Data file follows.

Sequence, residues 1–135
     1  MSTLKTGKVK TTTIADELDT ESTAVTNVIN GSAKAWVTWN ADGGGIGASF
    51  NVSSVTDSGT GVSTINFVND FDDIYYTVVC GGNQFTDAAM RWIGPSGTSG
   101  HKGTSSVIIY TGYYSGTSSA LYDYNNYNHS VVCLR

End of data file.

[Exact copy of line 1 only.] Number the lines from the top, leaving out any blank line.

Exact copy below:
Sequence, residues 1–135